A recently published meta-analysis of breast cancer recurrence compared AIs with tamoxifen in 7030 women with ER-positive tumors in which all received OFS (via goserelin or triptorelin) or ovarian ablation who enrolled between June 17, 1999, and August 4, 2015, from 4 randomized trials. This analysis showed that AIs resulted in approximately 3% improvement in 5-year absolute risk of breast cancer recurrence compared with tamoxifen. However, longer follow-up is needed to assess mortality.4

With this growing evidence supporting the benefit of OFS, what are the long-term implications of profound estrogen deprivation? A study examining the impact of oophorectomy on survival showed that mortality was not increased in women who underwent bilateral oophorectomy compared with referent women.5 However, mortality was significantly higher in women who had received prophylactic bilateral oophorectomy before the age of 45 years than in referent women (hazard ratio, 1.67; 95% CI, 1.16-2.40; P=.006). Additionally, the Nurses’ Health Study showed that bilateral oophorectomy was associated with significantly increased all-cause mortality in women aged <50 years at time of hysterectomy who never used estrogen therapy.6 However, in the Early Breast Cancer Trialists’ Collaborative Group trial mentioned above, the use of AIs was shown to be associated with a nonsignificant increase in the risk of death, increased risk of endometrial cancer, and mortality not related to breast cancer.5 However, the 5-year incidence of endometrial cancer was low and actually numerically higher in the tamoxifen group (0.3%) than in the AI group (0.2%). For all-cause mortality, there was no difference between the tamoxifen and AI groups, and most deaths not related to breast cancer were due to second primary cancer.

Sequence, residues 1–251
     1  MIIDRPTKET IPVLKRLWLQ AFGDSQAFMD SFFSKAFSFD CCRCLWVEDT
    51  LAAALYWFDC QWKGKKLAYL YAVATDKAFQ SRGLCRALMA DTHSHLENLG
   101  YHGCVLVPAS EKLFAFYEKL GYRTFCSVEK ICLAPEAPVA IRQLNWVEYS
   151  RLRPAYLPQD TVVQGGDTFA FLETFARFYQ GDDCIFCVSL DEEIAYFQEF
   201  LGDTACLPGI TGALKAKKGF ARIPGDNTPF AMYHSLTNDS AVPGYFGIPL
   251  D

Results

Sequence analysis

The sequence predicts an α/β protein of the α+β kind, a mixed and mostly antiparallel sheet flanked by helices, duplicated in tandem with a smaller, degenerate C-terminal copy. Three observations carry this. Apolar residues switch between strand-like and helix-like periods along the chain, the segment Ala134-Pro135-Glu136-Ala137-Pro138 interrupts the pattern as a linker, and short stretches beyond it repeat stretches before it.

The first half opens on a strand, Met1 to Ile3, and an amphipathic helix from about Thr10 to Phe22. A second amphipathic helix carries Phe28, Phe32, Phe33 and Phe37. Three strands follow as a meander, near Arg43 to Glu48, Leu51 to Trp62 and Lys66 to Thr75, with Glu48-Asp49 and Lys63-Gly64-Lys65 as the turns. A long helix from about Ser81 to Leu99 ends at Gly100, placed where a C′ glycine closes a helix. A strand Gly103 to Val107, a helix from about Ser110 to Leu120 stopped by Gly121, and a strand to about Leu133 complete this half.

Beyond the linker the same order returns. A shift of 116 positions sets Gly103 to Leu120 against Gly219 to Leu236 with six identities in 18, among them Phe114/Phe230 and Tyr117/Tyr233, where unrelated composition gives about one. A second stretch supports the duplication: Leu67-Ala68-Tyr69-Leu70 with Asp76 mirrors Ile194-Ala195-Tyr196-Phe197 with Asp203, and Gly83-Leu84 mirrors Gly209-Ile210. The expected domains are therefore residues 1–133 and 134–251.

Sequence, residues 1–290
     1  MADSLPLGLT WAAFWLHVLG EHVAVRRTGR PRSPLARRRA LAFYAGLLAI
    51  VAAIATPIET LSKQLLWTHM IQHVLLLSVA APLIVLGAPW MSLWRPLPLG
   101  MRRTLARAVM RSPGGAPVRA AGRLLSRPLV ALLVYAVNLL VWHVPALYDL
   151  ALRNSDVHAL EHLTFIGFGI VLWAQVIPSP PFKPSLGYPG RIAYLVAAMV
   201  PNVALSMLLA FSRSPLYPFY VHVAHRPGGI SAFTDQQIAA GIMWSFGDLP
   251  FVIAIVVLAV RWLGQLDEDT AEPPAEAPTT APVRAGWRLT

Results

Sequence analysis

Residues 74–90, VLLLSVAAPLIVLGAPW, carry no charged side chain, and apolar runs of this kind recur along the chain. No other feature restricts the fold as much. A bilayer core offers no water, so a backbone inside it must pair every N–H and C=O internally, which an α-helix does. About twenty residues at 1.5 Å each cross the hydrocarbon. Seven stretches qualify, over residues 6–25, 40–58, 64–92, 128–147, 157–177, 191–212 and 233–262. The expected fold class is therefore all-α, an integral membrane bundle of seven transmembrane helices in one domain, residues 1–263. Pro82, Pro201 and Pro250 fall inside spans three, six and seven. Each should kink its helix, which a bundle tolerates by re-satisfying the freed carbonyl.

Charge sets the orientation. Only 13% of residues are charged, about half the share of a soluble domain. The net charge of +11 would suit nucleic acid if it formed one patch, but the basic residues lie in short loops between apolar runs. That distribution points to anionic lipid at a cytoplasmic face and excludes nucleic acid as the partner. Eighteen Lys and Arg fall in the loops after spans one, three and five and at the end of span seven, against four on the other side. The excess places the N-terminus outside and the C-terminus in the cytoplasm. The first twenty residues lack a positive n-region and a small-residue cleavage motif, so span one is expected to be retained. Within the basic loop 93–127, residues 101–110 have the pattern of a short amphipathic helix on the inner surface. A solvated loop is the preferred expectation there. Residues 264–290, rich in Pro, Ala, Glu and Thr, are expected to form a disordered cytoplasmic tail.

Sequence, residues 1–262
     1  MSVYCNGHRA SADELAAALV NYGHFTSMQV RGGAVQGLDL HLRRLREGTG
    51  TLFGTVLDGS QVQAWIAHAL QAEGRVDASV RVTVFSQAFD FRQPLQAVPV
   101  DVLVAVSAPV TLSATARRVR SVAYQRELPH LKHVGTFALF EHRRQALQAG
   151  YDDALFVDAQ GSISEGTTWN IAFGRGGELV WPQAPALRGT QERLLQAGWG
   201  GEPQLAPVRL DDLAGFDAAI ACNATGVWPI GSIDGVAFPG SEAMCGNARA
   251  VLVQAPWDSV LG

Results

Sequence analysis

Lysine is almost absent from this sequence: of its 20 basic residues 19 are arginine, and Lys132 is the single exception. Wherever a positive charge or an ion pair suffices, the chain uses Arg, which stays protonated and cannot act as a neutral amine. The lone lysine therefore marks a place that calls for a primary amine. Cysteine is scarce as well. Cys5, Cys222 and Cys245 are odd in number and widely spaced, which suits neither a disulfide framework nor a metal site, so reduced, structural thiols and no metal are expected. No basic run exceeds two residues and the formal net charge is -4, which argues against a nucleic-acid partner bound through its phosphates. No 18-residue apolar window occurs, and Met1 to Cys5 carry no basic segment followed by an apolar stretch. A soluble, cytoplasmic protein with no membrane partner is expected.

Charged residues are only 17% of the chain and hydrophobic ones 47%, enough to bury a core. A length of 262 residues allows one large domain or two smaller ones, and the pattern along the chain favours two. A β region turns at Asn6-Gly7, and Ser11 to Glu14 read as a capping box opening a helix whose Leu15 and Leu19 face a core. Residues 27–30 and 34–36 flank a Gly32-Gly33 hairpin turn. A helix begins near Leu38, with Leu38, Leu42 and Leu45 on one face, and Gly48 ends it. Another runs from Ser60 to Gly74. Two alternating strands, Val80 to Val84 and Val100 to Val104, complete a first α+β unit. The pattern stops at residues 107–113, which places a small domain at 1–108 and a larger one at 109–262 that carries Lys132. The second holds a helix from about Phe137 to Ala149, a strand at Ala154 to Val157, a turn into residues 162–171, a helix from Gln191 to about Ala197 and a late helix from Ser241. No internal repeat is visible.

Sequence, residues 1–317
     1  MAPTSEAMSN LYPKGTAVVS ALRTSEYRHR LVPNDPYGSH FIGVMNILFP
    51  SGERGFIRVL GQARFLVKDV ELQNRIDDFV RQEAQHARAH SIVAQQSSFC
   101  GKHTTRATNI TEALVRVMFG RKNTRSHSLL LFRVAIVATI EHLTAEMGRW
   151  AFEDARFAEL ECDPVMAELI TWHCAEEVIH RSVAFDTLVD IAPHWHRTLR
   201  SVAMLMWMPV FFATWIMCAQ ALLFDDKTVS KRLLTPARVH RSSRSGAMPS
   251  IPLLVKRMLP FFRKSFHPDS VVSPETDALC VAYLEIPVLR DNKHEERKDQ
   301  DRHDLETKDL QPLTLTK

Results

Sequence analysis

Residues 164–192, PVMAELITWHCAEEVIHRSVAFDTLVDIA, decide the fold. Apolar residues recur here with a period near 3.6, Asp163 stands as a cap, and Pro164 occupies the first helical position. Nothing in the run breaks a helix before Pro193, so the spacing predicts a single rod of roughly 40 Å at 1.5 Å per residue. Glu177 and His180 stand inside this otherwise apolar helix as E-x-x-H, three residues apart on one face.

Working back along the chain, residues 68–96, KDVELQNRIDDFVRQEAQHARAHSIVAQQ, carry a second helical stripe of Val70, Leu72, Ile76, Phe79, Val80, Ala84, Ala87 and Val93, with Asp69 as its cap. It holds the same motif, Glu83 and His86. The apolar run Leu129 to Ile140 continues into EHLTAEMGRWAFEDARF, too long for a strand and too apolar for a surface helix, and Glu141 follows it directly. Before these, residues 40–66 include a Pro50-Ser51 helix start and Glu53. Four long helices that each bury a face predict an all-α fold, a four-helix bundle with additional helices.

With the emerging benefit of OFS in the treatment of ER-positive breast cancer, there is a need to balance risk versus benefit when developing treatment plans based on patients’ preferences and treatment goals.


  1. Group EBCTC. Effects of chemotherapy and hormonal therapy for early breast cancer on recurrence and 15-year survival: an overview of the randomized trials. Lancet. 2005;365:1687-1717.
  2. Pagani O, Walley BA, Fleming GF, et al. Adjuvant exemestane with ovarian suppression in premenopausal breast cancer: long-term follow-up of the combined TEXT and SOFT trials. J Clin Oncol. 2023;41:1376-1382.
  3. Gray RG, Bradley R, Braybrooke J, et al. Effects of ovarian ablation or suppression on breast cancer recurrence and survival: patient-level meta-analysis of 14,999 pre-menopausal women in 25 randomized trials. J Clin Oncol. 2023;41(16_suppl):503-503.
  4. Early Breast Cancer Trialists’ Collaborative Group (EBCTCG). Aromatase inhibitors versus tamoxifen in premenopausal women with estrogen receptor-positive early-stage breast cancer treated with ovarian suppression: a patient-level meta-analysis of 7030 women from four randomised trials. Lancet Oncol. 2022;23:382-392.
  5. Rocca WA, Grossardt BR, de Andrade M, et al. Survival patterns after oophorectomy in premenopausal women: a population-based cohort study. Lancet Oncol. 2006;7:821-828.
  6. Parker WH, Feskanich D, Broder MS, et al. Long-term mortality associated with oophorectomy compared with ovarian conservation in the Nurses’ Health Study. Obstet Gynecol. 2013;121:709-716.